Dr. Kizzmekia Corbett, a research fellow and the scientific lead for the Coronavirus Vaccines and Immunopathogenesis Team at the National Institutes of Health (NIH), is the featured guest speaker at the next Health Equity Forum (HEF).
Hosted by the California Black Health Network (CBHN), the forum is scheduled for 1 p.m. Friday, May 21. For more information, visit http://www.cablackhealthnetwork.org/events.
Dr. Corbett, also a noted researcher for the National Institute of Allergy and Infectious Diseases, Vaccine Research Center, is a scientist destined for medical history books: she is one of the NIH’s leading scientists and part of a team that worked with Pfizer and Moderna to develop the two mRNA vaccines.
Dr. Corbett has been at the forefront of the development of the fight against COVID-19. Less than a year after the virus began spreading globally, vaccines began to be delivered to millions of health care workers and others at high risk.
“I understand that vaccines are a way to help level the playing field when it comes to health disparities. It was motivating (to develop a vaccine) but also sad,” said Dr. Corbett, 35. “I think as I have looked back on the pandemic, my work, and my team’s work in the pandemic, I feel like it was my purpose (to find protection from the virus.”
Dr. Corbett received a bachelor of science in biological sciences, with a secondary major in sociology, in 2008 from the University of Maryland – Baltimore County, where she was a Meyerhoff Scholar and an NIH undergraduate scholar.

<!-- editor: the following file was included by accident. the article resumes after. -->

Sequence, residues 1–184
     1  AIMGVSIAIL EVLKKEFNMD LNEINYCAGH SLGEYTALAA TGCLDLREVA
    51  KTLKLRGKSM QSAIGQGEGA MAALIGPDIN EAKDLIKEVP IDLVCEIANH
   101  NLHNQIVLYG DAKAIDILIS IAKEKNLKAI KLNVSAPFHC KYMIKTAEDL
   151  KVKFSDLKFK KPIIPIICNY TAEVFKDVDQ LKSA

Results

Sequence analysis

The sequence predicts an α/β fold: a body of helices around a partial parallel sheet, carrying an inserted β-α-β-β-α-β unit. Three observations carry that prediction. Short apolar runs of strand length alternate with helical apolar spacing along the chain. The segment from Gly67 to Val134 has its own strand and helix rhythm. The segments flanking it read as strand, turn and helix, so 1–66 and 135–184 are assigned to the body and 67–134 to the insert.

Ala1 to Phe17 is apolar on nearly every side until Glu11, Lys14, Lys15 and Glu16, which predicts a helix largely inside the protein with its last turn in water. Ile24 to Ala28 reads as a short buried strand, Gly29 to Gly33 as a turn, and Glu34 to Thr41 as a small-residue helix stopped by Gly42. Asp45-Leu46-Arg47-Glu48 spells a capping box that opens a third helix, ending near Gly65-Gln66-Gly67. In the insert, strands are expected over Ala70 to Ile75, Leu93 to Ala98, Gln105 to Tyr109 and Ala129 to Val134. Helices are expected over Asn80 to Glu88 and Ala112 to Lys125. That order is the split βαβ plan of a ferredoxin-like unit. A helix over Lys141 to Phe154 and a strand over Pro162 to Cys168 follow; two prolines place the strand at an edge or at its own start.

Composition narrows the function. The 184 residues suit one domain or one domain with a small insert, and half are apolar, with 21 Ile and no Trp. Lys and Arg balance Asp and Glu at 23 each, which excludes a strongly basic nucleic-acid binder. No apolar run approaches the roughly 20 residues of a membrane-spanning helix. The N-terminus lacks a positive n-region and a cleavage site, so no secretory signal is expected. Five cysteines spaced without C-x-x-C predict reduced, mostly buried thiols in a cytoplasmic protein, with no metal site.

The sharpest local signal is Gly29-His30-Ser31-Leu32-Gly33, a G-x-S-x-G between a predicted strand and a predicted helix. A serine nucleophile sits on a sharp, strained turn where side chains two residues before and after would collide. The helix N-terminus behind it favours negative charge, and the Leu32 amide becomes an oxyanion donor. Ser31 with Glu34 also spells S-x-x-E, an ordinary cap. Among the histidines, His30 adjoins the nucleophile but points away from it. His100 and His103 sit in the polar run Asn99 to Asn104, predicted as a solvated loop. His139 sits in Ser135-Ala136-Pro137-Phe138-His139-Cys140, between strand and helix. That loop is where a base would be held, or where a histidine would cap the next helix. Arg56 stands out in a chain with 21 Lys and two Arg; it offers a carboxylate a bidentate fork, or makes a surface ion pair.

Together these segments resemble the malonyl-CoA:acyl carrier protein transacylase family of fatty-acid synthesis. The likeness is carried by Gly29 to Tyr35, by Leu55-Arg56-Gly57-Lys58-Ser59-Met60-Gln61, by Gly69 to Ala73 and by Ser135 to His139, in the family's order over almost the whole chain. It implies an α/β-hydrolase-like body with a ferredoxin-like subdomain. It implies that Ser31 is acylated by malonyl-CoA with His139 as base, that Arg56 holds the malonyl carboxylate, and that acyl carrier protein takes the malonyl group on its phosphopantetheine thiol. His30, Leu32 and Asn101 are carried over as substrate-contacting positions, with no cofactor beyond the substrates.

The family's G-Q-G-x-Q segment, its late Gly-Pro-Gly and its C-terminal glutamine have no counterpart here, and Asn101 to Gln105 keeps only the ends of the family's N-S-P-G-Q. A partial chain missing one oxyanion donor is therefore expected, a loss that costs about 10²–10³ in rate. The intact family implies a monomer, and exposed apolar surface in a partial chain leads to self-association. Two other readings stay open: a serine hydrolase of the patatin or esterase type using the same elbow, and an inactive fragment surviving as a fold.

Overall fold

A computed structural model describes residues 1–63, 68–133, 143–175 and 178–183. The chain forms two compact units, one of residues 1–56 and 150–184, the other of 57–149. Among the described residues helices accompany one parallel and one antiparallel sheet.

Dr. Corbett later enrolled at the University of North Carolina at Chapel Hill, where she obtained her doctorate in microbiology and immunology in 2014. A viral immunologist by training, Dr. Corbett uses her expertise to propel novel vaccine development for pandemic preparedness.
Dr. Anthony Fauci, the director of the National Institute of Allergy and Infectious Diseases at the National Institutes of Health, praised Dr. Corbett for being on the front lines of the development of the vaccines.
In Time magazine’s second annual TIME100 Next list – an expansion of its flagship TIME100 franchise that highlights 100 emerging leaders who are shaping the future – Dr. Fauci wrote that Dr. Corbett’s work “will have a substantial impact on ending the worst respiratory-disease pandemic in more than 100 years.”
Dr. Corbett and her colleagues have been central to the development of the Moderna mRNA vaccine and the Eli Lilly therapeutic monoclonal antibodies that were first to enter clinical trials in the U.S. and now have authorization for emergency use.
“For the past six years, she has focused on coronavirus biology and vaccine development,” Dr. Fauci wrote for Time in its February 2021 issue. “During the pandemic, those years of research led to the discovery that a stabilized version of a spike protein found on the surface of all coronaviruses can be a key target for vaccines, treatments and diagnostics.”
The CBHN’s May 21 forum session will be a conversational interview followed by a Q&A. Dr. Noha Aboelata, the Founder and CEO of Roots Community Health Center in Oakland, leads the interview.
CBHN is the only Black-led statewide organization dedicated to advocating for health equity for all African Americans and Black immigrants in California.
The organization works to ensure that all Black Californians, regardless of their education, socioeconomic class, ZIP code, sexual orientation, gender identity, or housing or immigration status have access to high quality and equitable primary and behavioral health care.